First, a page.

Once upon a time, there was a man named Justin Case. He was 36 and lived in a 3500 sq ft. home with his wife and 2 children. He had a first and a second, and a 2 car garage. He fit 1 car and it’s $450 payment inside the garage and the other sat in the driveway with it’s $450 payment, to make room for more stuff in the garage.
He had more stuff than time. He had to work 60 hours a week to keep up with all of his payments.
He wanted to live more simply, but Justin Case, he couldn’t. He worked hard and thought he deserved nice things and lots of things. Justin Case, he bought extras of everything. He was always worried that he didn’t have enough.
Justin Case, he rarely gave to charities, even if really cared about their cause, because he might need the money some day. Justin Case, the poor guy, he couldn’t give up his credit cards. He might need them for emergencies, points or a rental car. Cash would never be enough.
On some level he knew better, but Justin Case did nothing about it. Better safe than sorry he thought. Better to have too much than too little.
And then his friend came along, Justin Time. He told him his story of simplicity, and that with all that he sold and gave away, he still had enough. He didn’t even have to tell him how happy he was, but he did. Justin Case, he didn’t notice.
While Justin Case is a fictional character with a fictional story, he could be any of us. I used to hold on to so much, just in case. I understand that we have to be smart about how we live our lives, and careful about protecting our futures, but we’ve lived in excess for so long that it becomes hard to recognize what enough really is. The only way to see it is to start letting go. With each layer that you discard, you’ll reveal a little bit more about how living with less really does give you more.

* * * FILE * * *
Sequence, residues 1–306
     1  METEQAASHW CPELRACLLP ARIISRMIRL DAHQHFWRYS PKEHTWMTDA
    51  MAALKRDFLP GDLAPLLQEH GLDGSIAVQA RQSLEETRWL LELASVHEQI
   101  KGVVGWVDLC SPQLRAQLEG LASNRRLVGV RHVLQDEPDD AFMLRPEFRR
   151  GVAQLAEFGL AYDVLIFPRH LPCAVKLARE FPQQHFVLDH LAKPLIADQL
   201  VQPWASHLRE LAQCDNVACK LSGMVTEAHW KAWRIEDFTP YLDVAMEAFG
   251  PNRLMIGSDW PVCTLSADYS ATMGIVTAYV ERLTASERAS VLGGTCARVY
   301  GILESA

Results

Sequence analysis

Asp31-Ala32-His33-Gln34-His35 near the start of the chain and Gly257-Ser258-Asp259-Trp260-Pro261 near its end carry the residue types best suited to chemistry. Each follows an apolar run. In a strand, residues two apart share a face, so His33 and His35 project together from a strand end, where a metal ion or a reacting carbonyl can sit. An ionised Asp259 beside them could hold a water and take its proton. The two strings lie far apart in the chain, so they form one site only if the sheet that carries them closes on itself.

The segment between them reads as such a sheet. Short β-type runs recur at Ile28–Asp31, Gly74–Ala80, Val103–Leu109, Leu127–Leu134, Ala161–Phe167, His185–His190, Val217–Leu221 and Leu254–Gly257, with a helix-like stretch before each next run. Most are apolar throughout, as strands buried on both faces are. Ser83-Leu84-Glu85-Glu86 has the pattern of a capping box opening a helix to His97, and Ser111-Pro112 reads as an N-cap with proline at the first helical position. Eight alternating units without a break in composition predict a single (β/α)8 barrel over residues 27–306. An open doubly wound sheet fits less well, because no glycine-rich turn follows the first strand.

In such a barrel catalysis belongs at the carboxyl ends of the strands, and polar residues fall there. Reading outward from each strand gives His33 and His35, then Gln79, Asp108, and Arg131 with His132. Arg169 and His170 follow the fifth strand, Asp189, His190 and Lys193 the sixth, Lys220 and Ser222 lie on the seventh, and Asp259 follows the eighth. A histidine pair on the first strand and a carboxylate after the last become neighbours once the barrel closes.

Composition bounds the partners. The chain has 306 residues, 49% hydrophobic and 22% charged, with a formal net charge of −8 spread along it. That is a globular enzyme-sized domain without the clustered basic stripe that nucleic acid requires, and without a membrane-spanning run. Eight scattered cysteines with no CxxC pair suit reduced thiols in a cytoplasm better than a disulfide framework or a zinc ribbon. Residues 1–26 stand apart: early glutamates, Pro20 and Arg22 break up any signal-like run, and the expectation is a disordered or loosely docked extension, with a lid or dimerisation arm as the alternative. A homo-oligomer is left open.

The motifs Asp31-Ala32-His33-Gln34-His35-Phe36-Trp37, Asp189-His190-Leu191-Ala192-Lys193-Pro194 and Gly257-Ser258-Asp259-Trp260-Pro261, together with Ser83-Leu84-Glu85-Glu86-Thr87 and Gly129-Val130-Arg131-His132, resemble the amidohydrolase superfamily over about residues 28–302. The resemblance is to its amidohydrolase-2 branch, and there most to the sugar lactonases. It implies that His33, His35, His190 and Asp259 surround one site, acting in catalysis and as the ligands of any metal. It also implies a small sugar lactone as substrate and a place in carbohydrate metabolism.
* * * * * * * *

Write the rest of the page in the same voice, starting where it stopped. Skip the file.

Just in case has become a popular answer to “why do you need that?”. When you take time to finish the “just in case” sentence, you might find that it’s not a very good excuse.
Here are a few of my just in case examples…
- I might need 8 coffee cups just in case I throw a coffee party next week.
- I might need 4 extra sets of sheets just in case I lose two sets and one set doesn’t match.
- I might need an extra purse just in case the bottom falls out of mine.
- I need to bring extra shirts when I travel, just in case I spill on each one, every day, and there is no water to wash them.
- I better hold onto that gold I was going to sell, just in case the price of gold goes up.
- I need store credit cards just in case I can earn points and buy something I don’t need, so I can get something I don’t want for free.
- I better keep my highschool jeans, just in case I lose 20 pounds.
Sound familiar? Maybe I’m being a little silly with my answers above, but usually, I bought something or did something just in case, but could never articulate just in case of what. What was I so worried about? Without “just in case”, I became more confident in my choices. I’ve learned that I don’t need a back up plan for every decision.
I will face the results of my actions with grace and curiosity instead of anxiety and uncertainty.
We can’t change our habits until we recognize our behavior. Please share your favorite “just in case” purchase or action in the comment section.